Zscan4 protein protects against deadly DNA damage during early embryonic development

In association with Stanford University, a working group from the Division of Cell and Developmental Biology at the Medical University of Vienna (MedUni Vienna) has discovered the role of a crucial factor that plays a role in early embryonic development.

Zscan4 protein protects against deadly DNA damage during early embryonic development
Image Credit: Medical University of Vienna.

This factor is called the Zscan4 protein, which has currently been demonstrated to safeguard the early embryo from the breakdown of DNA strands and also from DNA damage during the stimulation of the first of its genes.

To date, it was not known why the Zscan4 protein is highly expressed during what is known as the embryonic genome activation—that is, when the genome of the embryo is stimulated for the first time—and the kind of function it plays.

In our study, we were able to identify a mechanism that evolution has set up to protect the early embryo from lethal DNA damage during times of high genomic stress.”

Mark Wossidlo, Epigeneticist and Embryologist, Division of Cell and Developmental Biology, Medical University of Vienna

With the help of an animal model, Wossidlo initiated this study when he was working as a post-doc at Stanford University in the United States and has presently finished it in association with Joanna Wysocka’s working group at MedUni Vienna.

If in these very early stages of life, in the first few hours or days, the early embryo is unable to activate its genes safely, there cannot be any life,” added Wossidlo.

Important protection during the stressful phase of early embryos

The background: Zygote—the fertilized oocyte—is a specialized cell from which, all other types of cells needed to produce a new life can form. Such a capacity is called “totipotency.”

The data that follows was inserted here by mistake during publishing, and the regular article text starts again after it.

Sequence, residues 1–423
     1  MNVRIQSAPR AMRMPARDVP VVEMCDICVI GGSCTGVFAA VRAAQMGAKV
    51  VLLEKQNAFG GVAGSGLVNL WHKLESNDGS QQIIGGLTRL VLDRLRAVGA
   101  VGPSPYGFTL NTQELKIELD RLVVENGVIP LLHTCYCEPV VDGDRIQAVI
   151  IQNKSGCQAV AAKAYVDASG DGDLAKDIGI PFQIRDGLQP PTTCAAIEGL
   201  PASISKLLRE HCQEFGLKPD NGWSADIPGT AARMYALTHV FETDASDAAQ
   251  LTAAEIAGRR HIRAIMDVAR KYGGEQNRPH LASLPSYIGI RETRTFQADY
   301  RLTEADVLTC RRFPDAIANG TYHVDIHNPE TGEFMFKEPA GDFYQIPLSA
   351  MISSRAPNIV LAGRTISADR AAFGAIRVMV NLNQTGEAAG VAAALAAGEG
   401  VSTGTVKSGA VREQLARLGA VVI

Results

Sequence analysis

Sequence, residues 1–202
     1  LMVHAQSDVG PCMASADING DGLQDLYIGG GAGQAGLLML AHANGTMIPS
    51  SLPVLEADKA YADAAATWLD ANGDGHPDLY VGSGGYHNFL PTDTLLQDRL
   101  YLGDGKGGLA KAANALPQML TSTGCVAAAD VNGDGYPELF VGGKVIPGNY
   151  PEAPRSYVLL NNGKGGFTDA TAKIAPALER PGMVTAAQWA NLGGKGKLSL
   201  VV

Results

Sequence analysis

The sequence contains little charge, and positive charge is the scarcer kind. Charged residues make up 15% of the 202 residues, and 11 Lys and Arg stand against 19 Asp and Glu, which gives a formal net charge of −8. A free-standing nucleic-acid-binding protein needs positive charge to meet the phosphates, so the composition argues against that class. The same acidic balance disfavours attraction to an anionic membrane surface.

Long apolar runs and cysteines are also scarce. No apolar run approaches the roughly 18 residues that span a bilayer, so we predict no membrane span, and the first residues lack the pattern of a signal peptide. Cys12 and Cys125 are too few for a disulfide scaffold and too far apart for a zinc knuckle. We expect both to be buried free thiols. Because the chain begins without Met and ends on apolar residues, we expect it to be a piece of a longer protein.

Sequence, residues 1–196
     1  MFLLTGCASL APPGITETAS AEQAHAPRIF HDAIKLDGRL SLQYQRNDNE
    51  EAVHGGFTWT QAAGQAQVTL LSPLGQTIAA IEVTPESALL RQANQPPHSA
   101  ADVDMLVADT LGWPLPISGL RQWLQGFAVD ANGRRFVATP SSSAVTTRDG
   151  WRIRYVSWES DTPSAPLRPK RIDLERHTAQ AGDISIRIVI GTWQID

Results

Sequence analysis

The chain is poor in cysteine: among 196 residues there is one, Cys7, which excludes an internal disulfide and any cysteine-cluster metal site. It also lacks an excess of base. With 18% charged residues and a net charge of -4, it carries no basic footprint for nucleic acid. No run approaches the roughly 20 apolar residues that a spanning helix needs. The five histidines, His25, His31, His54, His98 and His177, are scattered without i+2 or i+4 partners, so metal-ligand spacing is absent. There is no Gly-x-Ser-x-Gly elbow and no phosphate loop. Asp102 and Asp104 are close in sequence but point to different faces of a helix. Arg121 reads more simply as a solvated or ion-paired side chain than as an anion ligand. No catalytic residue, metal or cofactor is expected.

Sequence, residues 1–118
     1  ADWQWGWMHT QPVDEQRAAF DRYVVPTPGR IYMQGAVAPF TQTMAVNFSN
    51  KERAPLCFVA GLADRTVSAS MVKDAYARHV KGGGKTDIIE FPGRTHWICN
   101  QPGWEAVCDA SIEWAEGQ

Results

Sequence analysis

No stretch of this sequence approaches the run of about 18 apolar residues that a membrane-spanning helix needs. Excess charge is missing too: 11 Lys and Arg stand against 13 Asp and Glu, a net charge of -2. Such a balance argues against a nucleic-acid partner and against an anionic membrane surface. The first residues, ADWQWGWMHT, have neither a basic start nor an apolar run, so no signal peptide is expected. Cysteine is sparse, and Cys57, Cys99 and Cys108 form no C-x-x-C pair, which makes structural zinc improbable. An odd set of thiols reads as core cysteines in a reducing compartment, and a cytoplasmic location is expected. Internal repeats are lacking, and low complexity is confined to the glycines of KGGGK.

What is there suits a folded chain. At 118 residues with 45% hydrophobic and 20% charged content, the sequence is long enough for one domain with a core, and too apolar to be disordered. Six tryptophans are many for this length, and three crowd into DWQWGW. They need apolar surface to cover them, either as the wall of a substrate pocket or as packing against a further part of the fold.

Also, this totipotency is retrieved following the first division in the subsequent stage of development—that is, the two-cell stage. On the other hand, the cells of the later embryo in the blastocyst happen to be “merely” pluripotent and can form several types of cells but not all.

In the mouse model, embryonic genome activation occurs in this totipotent two-cell stage, where the two-cell embryo turns into a multi-cell blastocyst in a few days with the involvement of its embryonic genes.

Shortly after fertilisation, thousands of embryonic genes are simultaneously activated for the first time. During this process, the DNA in the cells comes under huge stress, which can result in unstable DNA folding and even lethal DNA damage.”

Mark Wossidlo, Epigeneticist and Embryologist, Division of Cell and Developmental Biology, Medical University of Vienna

The Zscan4 protein prevents this damage by docking onto so-called microsatellites (repetitive short, uncoded DNA sequences) and ensuring the protection of the genome and its long-term stability when the embryonic genome is activated.

This is achieved by preventing the formation of zigzag-shaped Z-DNA, as this is highly susceptible to breaks in the DNA strand and could result in genetic instability.

In the lab, the researchers showed that the Zscan4 protein binds particularly to these microsatellites, thus safeguarding them from the formation of a Z-DNA structure.

Moreover, they demonstrated that the elimination of Zscan4 at the time of embryonic genome activation leads to precisely this type of lethal genetic damage in the two-cell embryo.

Thus, we have identified another important mechanism that increases our understanding of the mechanisms that help to ensure successful development of a new living being in the very early stage of life.”

Mark Wossidlo, Epigeneticist and Embryologist, Division of Cell and Developmental Biology, Medical University of Vienna

The overall goal of this fundamental research working group at MedUni Vienna is to identify the processes involved in “reprogramming” the germ cells of life soon after fertilization to turn into “all-rounders” and the effects of faulty reprogramming on future generations.

The main focus of the group is on the role of epigenetics, or the inheritable modification of the DNA, which can influence gene activity without modifying the DNA sequence.

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